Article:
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Unauthorized drone sightings up in Nevada and across US

On the evening of Nov. 27, a Maverick tour helicopter pilot spotted something unusual while flying near the Las Vegas Strip.

The pilot called air traffic control to report a drone sighting, estimating the flying machine was about 500 feet below the helicopter in restricted airspace.

Data show an uptick in unauthorized drone sightings in Nevada and across the nation. Federal and local agencies are working to make the skies — and the people below — safer.

“It’s a growing problem,” said Chris Walach, executive director of the Nevada Institute for Autonomous Systems.

Hard to detect

Bryan Kroten, vice president of marketing for Maverick Aviation Group, said the encounter posed no risks to the helicopter.

“No matter what, when we see a drone, we report it,” he said. “At 500 feet away, it’s within our comfort zone. It’s not an issue.”

Kroten said Maverick pilots report a drone sighting a couple times each month, and the volume has been steady the past few years. For the rest of Nevada, unauthorized drone sightings are a growing trend.

According to data from the Federal Aviation Administration, there were 659 reported drone sightings in the second quarter of 2017 in the U.S., three of which were in Nevada. This year, there were 784 sightings in the second quarter, including 16 in Nevada.

These numbers cover all reports, which are not independently verified. Still, Walach believes drones operating unsafely are underreported.

“These helicopter and commercial airplanes are likely not seeing drones that are incurring in their controlled airspace,” he said. “The drones are so tiny. … It’s hard to detect them audibly and visually.”

An FAA spokesman said the number of reported drone sightings could be increasing for a variety of reasons.

“There are simply more drones out there,” he said via email. “Pilots are aware there are more drones out there and are vigilant in reporting what they believe are drone sightings.”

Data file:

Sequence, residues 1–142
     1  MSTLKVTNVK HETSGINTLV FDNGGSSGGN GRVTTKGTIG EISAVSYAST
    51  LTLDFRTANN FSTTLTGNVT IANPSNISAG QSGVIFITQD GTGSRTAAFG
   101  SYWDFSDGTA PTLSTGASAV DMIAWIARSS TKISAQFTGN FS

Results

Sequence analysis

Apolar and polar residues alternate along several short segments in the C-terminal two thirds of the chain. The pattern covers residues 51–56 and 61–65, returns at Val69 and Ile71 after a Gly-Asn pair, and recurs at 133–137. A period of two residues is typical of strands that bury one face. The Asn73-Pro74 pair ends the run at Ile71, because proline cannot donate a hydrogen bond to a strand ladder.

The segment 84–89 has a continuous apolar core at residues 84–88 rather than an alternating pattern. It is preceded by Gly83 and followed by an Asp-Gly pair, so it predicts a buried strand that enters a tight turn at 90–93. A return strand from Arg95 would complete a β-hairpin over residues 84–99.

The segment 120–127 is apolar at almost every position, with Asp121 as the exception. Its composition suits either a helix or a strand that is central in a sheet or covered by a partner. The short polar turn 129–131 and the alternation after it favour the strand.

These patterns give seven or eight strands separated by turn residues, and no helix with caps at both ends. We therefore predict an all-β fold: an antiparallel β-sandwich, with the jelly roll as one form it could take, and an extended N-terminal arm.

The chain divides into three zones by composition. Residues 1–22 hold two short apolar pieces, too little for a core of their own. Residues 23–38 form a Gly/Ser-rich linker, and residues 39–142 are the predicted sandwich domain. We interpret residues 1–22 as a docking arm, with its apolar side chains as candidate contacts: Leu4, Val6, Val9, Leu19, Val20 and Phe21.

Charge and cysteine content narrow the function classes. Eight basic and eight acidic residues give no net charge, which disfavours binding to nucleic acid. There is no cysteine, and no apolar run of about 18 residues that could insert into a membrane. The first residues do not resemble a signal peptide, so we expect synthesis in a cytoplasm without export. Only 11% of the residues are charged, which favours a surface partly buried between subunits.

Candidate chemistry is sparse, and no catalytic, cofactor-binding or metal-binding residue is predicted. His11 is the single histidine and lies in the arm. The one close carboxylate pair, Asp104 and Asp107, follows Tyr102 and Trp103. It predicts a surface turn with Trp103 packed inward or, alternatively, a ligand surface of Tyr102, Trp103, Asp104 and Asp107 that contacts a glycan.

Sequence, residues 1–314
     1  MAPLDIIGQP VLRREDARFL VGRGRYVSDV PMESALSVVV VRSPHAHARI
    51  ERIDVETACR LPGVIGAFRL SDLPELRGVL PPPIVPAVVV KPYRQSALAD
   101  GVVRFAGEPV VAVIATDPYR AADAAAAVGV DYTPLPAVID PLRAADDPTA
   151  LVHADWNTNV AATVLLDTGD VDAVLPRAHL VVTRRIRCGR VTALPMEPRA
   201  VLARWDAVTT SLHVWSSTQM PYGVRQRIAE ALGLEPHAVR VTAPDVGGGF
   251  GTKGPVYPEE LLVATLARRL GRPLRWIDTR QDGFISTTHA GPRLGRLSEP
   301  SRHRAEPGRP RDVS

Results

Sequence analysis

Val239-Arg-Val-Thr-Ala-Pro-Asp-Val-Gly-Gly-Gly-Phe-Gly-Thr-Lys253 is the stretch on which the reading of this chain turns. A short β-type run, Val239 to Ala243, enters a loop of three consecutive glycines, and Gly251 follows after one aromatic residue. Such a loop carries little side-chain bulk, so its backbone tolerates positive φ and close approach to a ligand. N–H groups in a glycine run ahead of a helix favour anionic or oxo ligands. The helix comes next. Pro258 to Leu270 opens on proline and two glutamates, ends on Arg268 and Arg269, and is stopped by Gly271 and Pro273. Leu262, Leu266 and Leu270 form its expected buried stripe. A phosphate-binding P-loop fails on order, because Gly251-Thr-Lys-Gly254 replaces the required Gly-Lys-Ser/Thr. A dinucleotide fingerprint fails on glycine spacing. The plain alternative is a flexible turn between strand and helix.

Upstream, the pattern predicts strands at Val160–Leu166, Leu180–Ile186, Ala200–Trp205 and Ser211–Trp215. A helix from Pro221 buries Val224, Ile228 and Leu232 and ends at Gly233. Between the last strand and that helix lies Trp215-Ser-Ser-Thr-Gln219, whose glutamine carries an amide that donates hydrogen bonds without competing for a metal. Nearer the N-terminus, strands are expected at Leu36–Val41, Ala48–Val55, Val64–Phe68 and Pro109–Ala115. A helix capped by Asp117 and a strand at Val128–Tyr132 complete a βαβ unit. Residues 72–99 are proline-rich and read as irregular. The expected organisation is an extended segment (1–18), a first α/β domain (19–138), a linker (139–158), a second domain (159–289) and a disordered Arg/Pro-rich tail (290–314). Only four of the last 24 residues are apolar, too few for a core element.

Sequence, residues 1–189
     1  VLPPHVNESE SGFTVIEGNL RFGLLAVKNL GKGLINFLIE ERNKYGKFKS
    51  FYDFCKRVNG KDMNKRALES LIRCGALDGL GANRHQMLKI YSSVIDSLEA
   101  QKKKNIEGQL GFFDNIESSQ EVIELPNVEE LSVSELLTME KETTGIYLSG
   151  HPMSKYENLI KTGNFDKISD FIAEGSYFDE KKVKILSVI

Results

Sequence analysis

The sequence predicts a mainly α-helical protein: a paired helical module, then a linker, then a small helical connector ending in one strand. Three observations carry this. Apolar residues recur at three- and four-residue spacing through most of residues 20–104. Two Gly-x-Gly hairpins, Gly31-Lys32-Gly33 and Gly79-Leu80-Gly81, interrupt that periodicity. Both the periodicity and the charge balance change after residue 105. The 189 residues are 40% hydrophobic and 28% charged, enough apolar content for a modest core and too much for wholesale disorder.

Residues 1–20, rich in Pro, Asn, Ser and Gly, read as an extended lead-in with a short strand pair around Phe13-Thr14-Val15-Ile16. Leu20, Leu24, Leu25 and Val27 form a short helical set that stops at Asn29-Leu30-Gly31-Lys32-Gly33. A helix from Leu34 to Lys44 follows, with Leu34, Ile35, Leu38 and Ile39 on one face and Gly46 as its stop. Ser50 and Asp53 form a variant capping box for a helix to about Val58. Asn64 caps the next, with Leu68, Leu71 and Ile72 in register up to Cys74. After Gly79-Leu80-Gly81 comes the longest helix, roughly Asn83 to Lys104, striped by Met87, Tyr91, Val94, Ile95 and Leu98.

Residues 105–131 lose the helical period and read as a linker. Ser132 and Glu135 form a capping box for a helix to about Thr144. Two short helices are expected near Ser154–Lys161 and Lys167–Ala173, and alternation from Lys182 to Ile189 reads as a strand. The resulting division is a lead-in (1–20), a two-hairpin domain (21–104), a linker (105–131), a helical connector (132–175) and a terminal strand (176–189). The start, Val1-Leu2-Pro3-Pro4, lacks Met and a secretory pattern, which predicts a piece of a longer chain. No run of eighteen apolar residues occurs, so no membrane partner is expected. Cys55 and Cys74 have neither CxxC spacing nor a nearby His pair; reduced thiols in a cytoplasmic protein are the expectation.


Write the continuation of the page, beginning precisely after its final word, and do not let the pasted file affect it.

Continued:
According to FAA data, there were 297 registered hobbyist drone pilots in Nevada as of November.

Walach said Nevada’s conference and tourism market means there are more opportunities for unsafe drone operations.

“We’re in a unique situation in Nevada because we have the entertainment capital of the world and we’re becoming the drone conference center capital of the world,” he said. “This makes it optimal for people to fly drones out here.”

Focus on education

According to the FAA, the best tool to increase drone safety is education.

“We believe most people want to fly safely and care about safety,” a spokesman said. “But many, if not most, drone users have little to no prior aviation experience, and might not know what operating safely entails. Drone operators have to understand that as soon as they start flying outside, they are pilots with the responsibility to operate safely, just like pilots of manned aircraft.”

To help combat misinformation, the FAA launched the Know Before You Fly campaign in 2014. The initiative provides educational resources to drone pilots. This year, the agency launched a drone safety campaign aimed at kids that uses a cartoon drone named Buzzy.

Walach said Nevada’s high tourist numbers mean even more drone pilots are unfamiliar with local laws.

“When they go to a vacation spot like Vegas, they’re going to pull out a drone from their luggage and fly by a pool to get a viral shot, and they’re going to put in on their Facebook,” he said.

This year, the NIAS launched the Nevada Drone Center of Excellence for Public Safety, which focuses on increasing drone safety awareness. The center was launched after a series of incidents, from a drone flying close to a passenger jet landing at McCarran International Airport to reports of falling drones injuring tourists.

“We’re trying to grow national and state awareness of a problem,” Walach said.

For those who do operate drones illegally, the FAA does have the authority to issue fines.

People who operate drones unsafely can face fines of up to $1,437 per violation, and businesses can be made to pay up to $32,666 per violation. Additionally, people who fly drones unsafely face federal criminal penalties, with fines of up to $250,000 and imprisonment for up to three years.

“While our preference is to educate people about safe drone operations, we don’t hesitate to take strong enforcement action against drone pilots when warranted,” the FAA spokesman said.

Contact Bailey Schulz at bschulz@reviewjournal.com or 702-383-0233. Follow @bailey_schulz on Twitter.

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